The Future of Higher Ed – A Hybrid?

I was interested to read the Economist’s take on the future of universities, but I was a bit disappointed by the content. After stating the obvious with extreme rigor (costs are sky-rocketing and financial support is plunging), there were few interesting or intriguing ideas. Instead it seemed to come back to MOOCs, MOOCs and more MOOCs.

In fairness, the piece lays out many of the short-comings of MOOCs like poor completion rates, the challenge of testing and credentialing, etc., but it then kind of leaves the issue flat. My dad has been a professor at Northwestern for some 40 years so I asked him for another view. His point was an intriguing one – MOOCs recreate online the least important part of the college or university experience. In a sense, they are little better than open-source textbooks. They don’t have a social element, teach critical thinking, provide networking opportunities or have any kind of brand affiliation. They are useful for self-motivated learners who want to increase their knowledge, but they do very little for an average college student.

So how could this be better?

I propose a hybrid approach. First off, what’s driving up the costs of college tuitions? It’s primarily faculty and amenities ranging from fancy dorms to gleaming athletic facilities. But there are parts of the university experience that still work very well and at a quite reasonable price. So here’s how a hybrid would work:

First, a university would set up a separate, virtual college. This is not dissimilar to having an executive MBA program coexist alongside a traditional MBA program. Both are part of the university, but they have slightly different branding, requirements and admissions guidelines.

Second, students apply to the virtual college the same way they would to the traditional one. The expectation is that students would either be within transit distance of the university or be willing to relocate there if they get in. There would still be academic requirements and even an application fee (though a marginal one) to apply.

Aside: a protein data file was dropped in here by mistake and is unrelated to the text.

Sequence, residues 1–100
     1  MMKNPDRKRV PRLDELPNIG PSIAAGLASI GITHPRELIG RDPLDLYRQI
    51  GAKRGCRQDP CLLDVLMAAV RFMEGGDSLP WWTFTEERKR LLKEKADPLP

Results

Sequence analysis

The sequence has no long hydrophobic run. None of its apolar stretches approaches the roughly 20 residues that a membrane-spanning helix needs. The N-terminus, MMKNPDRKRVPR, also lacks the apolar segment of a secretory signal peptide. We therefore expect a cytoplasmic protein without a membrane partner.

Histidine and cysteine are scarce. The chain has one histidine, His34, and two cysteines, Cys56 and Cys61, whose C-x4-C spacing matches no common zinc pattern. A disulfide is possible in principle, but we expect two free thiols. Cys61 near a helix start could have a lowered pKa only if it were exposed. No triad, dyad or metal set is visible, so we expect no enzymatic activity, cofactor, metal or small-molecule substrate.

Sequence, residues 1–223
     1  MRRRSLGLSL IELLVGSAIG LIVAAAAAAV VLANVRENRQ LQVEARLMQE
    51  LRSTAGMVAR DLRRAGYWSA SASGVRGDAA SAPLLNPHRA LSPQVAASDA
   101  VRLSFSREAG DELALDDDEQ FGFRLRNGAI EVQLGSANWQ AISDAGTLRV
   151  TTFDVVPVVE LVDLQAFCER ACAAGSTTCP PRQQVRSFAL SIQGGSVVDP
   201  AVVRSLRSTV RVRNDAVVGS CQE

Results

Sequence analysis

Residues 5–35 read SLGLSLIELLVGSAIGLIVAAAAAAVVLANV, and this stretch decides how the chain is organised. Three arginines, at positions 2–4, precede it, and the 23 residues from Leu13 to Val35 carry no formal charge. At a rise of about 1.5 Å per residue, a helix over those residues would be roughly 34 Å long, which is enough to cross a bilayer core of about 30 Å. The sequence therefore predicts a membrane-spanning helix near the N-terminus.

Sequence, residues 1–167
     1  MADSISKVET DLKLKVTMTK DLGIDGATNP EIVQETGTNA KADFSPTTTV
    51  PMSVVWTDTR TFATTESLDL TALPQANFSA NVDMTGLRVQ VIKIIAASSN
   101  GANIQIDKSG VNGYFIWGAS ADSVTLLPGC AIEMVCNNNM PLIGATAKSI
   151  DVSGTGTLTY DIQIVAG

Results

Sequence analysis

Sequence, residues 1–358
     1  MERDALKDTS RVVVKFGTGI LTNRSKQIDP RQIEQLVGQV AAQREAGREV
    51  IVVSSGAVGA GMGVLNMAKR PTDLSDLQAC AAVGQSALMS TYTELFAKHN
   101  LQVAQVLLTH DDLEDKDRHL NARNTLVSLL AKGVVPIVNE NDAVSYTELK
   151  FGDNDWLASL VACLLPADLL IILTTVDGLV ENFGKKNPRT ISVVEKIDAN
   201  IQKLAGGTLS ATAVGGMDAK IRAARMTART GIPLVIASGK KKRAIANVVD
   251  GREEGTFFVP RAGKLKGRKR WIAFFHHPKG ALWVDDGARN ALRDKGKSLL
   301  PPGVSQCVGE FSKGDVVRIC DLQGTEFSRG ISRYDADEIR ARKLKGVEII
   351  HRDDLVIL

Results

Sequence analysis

Once admitted, the student would register for the classes they want to take just like traditional students, but they would attend the lectures online, via MOOCs. Study groups could be created by geolocating users and picking a central point (like a Starbucks) and a regular time for meeting. This begins to solve for the social aspect of the experience.

Where they hybrid part really kicks in, however, is with office hours and exams. These would actually be delivered on the university campus, but typically off-hours from traditional lectures. The office hours would be overseen by TAs rather than professors (not uncommon in many universities anyway), incidentally creating more work-study opportunities for traditional students (in fact traditional students in those same classes could attend as well, providing some additional value.)

Also, exams, though taken online, would be administered on campus. TAs can check IDs or do other basic identity verification. Many exam sessions could be made available for flexible scheduling, since the students in the room can be taking exams for all different subjects. The point of being in the room is only to verify who is taking the tests.

By using cheap resources (TAs, unused lecture halls after hours), the university can make up for many of the short-comings of MOOCs without burdening students with the most expensive line items. The goal would be something like an 80/20 value split – 80% of the educational value of a traditional degree at 20% of the cost.

It used to be a big no-no for tech companies to try to leverage real world assets since they were seen as non-scalable. However, as Uber, Airbnb, OpenTable, Groupon and so many other have shown, leverage the excess capacity of existing assets is a beautiful business model that scales wonderfully.

If an approach like this worked for higher ed, it would have many ancillary benefits: a bigger donor base for the sponsoring universities, greater credibility for online degrees with employers and more. And while charging some tuition may put some people off, generally people don’t value something they got for free (often for good reason.) I’ll certainly wager that the drop-out rates from a hybrid program would be far lower than for a fully online degree. There are also opportunities to customize such a program in many ways: virtual college students could be offered access to campus services ranging from libraries to sports centers for incremental fees.

It’s just an idea, but I haven’t seen anything like this yet. Have you?

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